John Isner didn’t get the chance to play in Arthur Ashe Stadium at last summer’s U.S. Open. When he walked onto its court Tuesday for his first-round match, the crowd raucously applauding him, he remembered how playing on this stage, the grandest at the U.S. Open, is one of the perks of being the top American men’s player.

Everything else about the job description can be a burden for Isner. Isner hears about the decline of U.S. tennis quite a bit, but managed to put it out of his mind in a win over fellow American Marcos Giron, 7-6 (7-5), 6-2, 7-6 (7-2).

As the No. 13 seed, Isner is expected to advance, and with that expectation comes greater pressure — especially on a day when three of his fellow Americans were ousted.

“I get the brunt of it a lot, because, you know, if I win and play well it’s because I have a big serve and I can hit my forehand pretty well and that’s it,” Isner said. “But if I lose, it’s only because that’s all I can do. So, I mean, sometimes I feel like I can’t win no matter what.”

Giron looked across the net and didn’t see the disappointment of American men’s tennis. He saw the player keeping it afloat, the only one consistent enough to stay around the top 20 for three years.

The second-highest ranked American in the tournament, No. 47 Donald Young, lost in his first-round U.S. Open match Monday.

“He does a good job with all of the pressure because I’m sure he gets hammered all of the time about why isn’t there a higher ranked American,” Giron said. “He’s obviously doing the best he can.”

Isner and Giron happened to wear matching outfits — a white hat with a white polo and navy shorts. But there was no mistaking who was who — the 6-foot-9 Isner towered over the 5-10 Giron. Giron didn’t play small in the first set, holding serve and staving off break points to force a tiebreaker.

Isner had set point with a 5-4 lead, but Giron won the next three points to win the game. When Isner had set point on Giron’s next service game, Giron again survived, but was ultimately overpowered by Isner’s booming serve in the tiebreaker.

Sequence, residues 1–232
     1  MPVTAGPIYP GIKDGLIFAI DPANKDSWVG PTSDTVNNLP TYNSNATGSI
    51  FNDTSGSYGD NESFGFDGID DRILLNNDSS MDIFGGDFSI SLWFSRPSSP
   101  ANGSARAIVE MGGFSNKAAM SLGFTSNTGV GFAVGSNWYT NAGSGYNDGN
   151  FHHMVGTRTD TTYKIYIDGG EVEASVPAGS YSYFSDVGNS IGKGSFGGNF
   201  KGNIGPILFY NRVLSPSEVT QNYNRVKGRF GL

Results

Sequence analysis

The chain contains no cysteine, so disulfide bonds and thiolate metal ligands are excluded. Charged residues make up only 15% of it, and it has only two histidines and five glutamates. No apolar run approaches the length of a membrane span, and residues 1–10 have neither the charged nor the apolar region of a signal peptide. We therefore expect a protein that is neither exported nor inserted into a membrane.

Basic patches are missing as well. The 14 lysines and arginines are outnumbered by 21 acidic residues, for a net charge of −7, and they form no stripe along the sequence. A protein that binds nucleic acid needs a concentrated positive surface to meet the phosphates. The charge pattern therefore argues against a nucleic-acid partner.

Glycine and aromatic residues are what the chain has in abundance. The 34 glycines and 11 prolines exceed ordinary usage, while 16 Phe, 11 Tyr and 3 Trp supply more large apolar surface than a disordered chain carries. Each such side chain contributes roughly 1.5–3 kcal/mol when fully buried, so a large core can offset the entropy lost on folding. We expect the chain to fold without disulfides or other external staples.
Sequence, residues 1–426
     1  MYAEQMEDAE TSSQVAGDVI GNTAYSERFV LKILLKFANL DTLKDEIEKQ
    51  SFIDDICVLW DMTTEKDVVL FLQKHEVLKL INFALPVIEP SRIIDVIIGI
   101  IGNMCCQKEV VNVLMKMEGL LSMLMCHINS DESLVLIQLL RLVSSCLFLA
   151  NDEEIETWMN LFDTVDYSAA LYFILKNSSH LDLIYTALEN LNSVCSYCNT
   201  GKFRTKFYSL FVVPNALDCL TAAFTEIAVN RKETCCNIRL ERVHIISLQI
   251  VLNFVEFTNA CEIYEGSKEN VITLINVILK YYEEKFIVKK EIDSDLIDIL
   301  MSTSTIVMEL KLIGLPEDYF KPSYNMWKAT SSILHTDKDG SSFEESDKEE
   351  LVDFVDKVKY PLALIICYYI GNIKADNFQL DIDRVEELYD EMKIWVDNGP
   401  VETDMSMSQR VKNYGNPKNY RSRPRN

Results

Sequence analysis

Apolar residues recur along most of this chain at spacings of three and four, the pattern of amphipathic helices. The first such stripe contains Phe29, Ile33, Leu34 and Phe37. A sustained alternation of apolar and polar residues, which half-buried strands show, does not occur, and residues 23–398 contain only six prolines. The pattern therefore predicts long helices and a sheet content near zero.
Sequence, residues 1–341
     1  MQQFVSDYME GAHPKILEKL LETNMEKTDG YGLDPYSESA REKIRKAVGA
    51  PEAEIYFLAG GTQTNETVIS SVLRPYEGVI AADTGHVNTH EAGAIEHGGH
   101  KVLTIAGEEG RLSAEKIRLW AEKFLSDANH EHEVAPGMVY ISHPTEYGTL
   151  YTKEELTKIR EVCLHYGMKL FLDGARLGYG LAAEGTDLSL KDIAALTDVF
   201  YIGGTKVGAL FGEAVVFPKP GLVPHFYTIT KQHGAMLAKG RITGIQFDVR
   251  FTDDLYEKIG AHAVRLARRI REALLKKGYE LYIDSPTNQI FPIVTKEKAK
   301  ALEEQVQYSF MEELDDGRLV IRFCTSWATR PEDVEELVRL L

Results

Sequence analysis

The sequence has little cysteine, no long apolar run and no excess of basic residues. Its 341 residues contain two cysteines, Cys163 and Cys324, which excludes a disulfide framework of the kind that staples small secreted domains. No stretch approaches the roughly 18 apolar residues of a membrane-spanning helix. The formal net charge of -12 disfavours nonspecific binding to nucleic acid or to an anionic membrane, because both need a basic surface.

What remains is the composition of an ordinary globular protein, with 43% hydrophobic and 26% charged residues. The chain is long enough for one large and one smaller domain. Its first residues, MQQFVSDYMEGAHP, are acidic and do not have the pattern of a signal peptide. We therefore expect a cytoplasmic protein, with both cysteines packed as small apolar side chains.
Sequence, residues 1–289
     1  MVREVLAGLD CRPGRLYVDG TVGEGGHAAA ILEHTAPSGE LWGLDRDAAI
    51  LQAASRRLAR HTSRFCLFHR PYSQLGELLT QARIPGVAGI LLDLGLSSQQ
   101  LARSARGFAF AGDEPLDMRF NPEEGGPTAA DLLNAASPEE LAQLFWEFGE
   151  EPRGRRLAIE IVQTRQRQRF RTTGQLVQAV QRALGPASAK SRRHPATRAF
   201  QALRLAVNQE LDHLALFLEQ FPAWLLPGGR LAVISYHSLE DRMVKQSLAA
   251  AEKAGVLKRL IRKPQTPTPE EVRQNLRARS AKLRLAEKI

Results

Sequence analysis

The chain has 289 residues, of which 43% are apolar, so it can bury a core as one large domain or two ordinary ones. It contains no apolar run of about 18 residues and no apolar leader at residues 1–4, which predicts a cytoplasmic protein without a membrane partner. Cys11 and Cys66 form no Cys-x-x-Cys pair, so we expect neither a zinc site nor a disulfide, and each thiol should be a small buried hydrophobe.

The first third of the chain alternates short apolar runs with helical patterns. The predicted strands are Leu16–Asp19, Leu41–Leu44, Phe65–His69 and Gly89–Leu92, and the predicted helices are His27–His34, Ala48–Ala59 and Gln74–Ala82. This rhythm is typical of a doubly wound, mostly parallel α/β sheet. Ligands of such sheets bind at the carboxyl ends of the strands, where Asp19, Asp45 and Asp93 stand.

“I’ve never dealt with a serve like that before,” Giron said. “It really kind of showed. I didn’t get any break points, and I really wish I could have.”

After the close first set, Isner got up a break in the first game of the second, celebrating with two fist pumps in the direction of his coach. After an up-and-down summer on American courts, the top American needed that break.

He committed to playing every stop in the U.S. Open series, and he had mixed results. Isner advanced to the quarterfinals in Newport, R.I., then won Atlanta, getting the hard court season off to a strong start. But then he lost in his first match in Washington, to fellow American Steve Johnson, and suffered another early exit in Toronto. He won two matches in Cincinnati before losing to Andy Murray, and retired from the tournament in Winston-Salem, N.C., because of an ankle injury.

For Giron, who earned a wild-card berth to the U.S. Open by virtue of winning the NCAA singles championship, Isner was someone he had looked up to through his college career.

If Isner, the world No. 15 player, could have success going to college first instead of playing pro, then so could he, Giron thought. Giron, who recently finished his junior year at UCLA, decided to turn pro before finishing school.

In his Grand Slam main draw debut, Giron got a taste of what play was like on the professional level. Once Isner got the early break in the second set, he held serve and won comfortably.

But Giron rallied in the third set and savored the moment of playing on Ashe, waving his arms up and down after winning an impressive point to draw more applause from the crowd.

Giron forced another tiebreaker in the third set, but Isner’s serve again was overpowering. After the loss, Giron stayed on the court to take in the atmosphere one last time before departing.